Polls show that a majority of Americans are dissatisfied with the direction in which the nation is heading, a trend that started long before most people had even heard of Barack Obama. This discontent is fed by the 24-7 news cycle which has produced a background noise of sensationalized propaganda that widens political divisions beyond the realm of what is substantive.

Liberals focus on businesses, corporations and other entities of accumulated wealth; seeing them as puppet masters, pulling the strings of those in government. Conservatives focus on overreaching government; viewing it as a conductor who calls the tunes to which we are all forced to dance.

While our outraged citizenry — incited by spin doctors on both sides — argues over which of these descriptions most accurately depicts what’s going on, the “government class” smirks, smiles and walks off with almost everything it desires.

Conservatives and liberals in the U.S. need to realize they have a common enemy, and that enemy is the government class. This class is comprised of more than those specifically pigeon-holed as being “in the government.” It includes tens of thousands of lobbyists, private and public sector special interest groups, corporations and businesses that possess government contracts or seek to obtain such contracts, and others too numerous to enumerate.

A peril of our present times is that divisions — many of which may be artificial — among “we the people,” consistently allow the government class to run amok.

When government spent billions of taxpayer dollars bailing out financial institutions in the wake of the housing market collapse of 2007-08 it made millions of conservative and liberal Americans furious. But any chance of forming a united stand against what was happening proved virtually impossible due to divergent perceptions of who the crisis should have been blamed on.

Liberals saw massive corporate banking and lending interests as the chief culprits. As they perceived things, these were greed-driven market exploiters that had discarded reality in exchange for short-term profits from hundreds of thousands of upside-down mortgage deals. During the housing market bubble, financial institutions displayed virtually no concern over defaulted mortgages because the homes could so easily be resold at increased prices.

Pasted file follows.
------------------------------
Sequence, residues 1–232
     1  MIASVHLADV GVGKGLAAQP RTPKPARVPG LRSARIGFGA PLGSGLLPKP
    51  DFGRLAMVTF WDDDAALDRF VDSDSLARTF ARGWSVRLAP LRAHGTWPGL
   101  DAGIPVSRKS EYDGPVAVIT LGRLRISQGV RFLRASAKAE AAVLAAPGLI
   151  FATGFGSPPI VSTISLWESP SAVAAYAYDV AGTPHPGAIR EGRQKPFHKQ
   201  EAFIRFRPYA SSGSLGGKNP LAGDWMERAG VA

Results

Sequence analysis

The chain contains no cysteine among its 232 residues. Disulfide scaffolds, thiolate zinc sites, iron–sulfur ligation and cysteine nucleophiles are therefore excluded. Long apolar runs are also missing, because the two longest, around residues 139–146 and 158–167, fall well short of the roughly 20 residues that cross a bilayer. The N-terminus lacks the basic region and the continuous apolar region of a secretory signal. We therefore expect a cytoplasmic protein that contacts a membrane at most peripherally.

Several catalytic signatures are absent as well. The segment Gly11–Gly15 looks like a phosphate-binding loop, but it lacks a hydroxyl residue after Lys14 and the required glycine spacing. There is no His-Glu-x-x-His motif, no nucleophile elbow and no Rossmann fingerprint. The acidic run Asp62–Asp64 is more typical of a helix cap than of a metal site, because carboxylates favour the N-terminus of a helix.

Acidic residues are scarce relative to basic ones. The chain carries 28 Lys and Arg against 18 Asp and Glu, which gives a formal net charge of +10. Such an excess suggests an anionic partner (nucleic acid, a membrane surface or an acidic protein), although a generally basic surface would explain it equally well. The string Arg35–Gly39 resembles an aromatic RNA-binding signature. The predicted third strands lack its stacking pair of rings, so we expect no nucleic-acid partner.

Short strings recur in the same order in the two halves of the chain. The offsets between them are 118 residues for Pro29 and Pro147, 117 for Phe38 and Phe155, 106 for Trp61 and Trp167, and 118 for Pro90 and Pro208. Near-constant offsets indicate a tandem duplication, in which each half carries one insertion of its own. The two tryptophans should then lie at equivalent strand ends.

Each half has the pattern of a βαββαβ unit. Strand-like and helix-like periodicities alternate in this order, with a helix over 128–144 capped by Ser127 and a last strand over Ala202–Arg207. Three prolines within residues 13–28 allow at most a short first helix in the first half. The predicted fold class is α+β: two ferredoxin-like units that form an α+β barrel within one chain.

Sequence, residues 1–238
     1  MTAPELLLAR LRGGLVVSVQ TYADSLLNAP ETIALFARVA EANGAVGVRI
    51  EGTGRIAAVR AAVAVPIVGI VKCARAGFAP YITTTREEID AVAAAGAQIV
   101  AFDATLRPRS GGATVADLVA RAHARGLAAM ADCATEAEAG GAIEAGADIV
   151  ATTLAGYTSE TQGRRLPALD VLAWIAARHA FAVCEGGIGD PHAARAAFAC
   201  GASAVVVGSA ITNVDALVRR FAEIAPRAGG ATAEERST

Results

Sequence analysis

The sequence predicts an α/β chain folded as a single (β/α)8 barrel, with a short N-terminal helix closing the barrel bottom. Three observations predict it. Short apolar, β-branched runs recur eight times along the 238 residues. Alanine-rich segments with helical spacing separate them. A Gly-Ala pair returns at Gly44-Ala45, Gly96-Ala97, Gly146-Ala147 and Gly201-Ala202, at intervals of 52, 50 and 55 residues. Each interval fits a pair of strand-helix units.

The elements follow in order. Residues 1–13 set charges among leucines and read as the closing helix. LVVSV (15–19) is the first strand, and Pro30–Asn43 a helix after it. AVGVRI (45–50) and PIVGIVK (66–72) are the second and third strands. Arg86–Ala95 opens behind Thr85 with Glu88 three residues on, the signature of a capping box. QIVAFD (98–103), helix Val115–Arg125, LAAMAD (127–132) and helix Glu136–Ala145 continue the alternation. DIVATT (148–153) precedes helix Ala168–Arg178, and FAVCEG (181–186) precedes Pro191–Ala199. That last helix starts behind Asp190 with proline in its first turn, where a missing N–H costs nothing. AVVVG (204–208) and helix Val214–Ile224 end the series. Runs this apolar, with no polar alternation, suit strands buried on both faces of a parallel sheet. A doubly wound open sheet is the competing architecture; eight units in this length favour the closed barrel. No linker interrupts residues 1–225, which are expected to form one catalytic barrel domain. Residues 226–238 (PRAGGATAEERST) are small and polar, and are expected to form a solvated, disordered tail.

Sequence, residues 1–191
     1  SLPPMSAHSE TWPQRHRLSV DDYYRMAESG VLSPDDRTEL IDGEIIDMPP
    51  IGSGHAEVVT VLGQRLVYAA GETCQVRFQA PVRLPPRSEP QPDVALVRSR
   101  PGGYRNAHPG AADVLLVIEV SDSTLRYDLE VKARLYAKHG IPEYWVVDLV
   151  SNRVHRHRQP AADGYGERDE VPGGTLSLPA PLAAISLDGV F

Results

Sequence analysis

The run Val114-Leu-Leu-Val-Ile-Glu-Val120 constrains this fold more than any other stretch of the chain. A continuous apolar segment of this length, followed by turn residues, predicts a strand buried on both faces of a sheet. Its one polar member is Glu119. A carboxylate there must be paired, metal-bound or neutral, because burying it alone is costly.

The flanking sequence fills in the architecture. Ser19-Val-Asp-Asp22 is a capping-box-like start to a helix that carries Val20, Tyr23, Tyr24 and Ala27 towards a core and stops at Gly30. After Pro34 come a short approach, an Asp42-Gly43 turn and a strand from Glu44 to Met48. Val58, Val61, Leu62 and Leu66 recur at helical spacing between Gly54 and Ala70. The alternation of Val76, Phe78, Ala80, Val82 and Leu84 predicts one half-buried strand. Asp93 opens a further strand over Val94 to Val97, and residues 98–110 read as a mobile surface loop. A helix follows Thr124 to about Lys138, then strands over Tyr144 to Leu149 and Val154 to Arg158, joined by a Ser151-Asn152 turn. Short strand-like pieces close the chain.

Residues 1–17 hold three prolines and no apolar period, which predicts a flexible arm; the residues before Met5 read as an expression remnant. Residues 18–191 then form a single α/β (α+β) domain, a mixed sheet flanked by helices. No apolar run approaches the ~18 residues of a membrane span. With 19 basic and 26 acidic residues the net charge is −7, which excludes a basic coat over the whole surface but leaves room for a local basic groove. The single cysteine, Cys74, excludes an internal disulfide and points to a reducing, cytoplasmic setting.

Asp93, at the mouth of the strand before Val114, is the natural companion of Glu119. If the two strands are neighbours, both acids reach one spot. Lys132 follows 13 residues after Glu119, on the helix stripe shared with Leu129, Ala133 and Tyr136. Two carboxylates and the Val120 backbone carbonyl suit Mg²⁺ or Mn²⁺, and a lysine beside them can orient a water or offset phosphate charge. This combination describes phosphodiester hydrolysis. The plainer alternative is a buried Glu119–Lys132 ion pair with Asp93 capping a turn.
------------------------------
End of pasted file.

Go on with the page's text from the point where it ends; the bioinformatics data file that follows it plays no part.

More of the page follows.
Meanwhile, conservatives saw government as the real villain. After all, it had been officials and politicians in government who had proclaimed that “everyone” deserved to fulfill the American dream of owning a home whether they could afford to or not. When anyone tried to point out that giving loans to people who would never pay them back would lead to disaster, it had been the politicians and government officials who scoffed and accused them of nearly every form of bigotry.

What’s more, the government-created entities, Fannie Mae and Freddie Mac -both organized to expand the U.S. secondary market for mortgages — had spearheaded the mindless mortgage mess.

While liberals and conservatives busied themselves disputing where most of the blame should fall (with the government or with the private sector) the bailout drama played out. Some financial institutions collapsed, but those who had been at their helms scrambled to other lucrative jobs, executives of financial institutions that had been bailed out got huge pay increases, implicated politicians were reelected and the government officials involved simply underwent a reshuffling of their high-paid positions.

What conservatives and liberals failed to understand was that the debate over assigning blame for the financial disaster was no more than a distraction. It served the purposes of the government class and aided the worst offenders, in government and the private sector, in skating away virtually unscathed.

Liberals should be reminded that Thomas Jefferson was dead serious in proclaiming government to be a necessary “evil.” He did not say a necessary “inconvenience,” or a necessary “impediment;” he chose ‘evil;’ and in that context “enemy” is precisely the word that should be applied to the government class.

Meanwhile, conservatives need to start realizing that any entity – a corporation, financial institution, or industry that is considered “too big to fail” falls into virtually the same category as a government. The difference between being “too big to fail” and being a “necessary evil” is an almost undistinguishable distinction.

Liberals and conservatives seem to oppose each other on virtually everything; yet many of their disagreements are more superficial than is generally realized. Nothing has a greater tendency to unite than recognizing a common enemy.

Jack Spencer is Capitol Affairs Specialist for Capitol Confidential, an online newsletter associated with the Mackinac Center for Public Policy (MCPP). MCPP provides policy analysis. The political analysis represented in this column does not necessarily reflect the views of the Mackinac Center.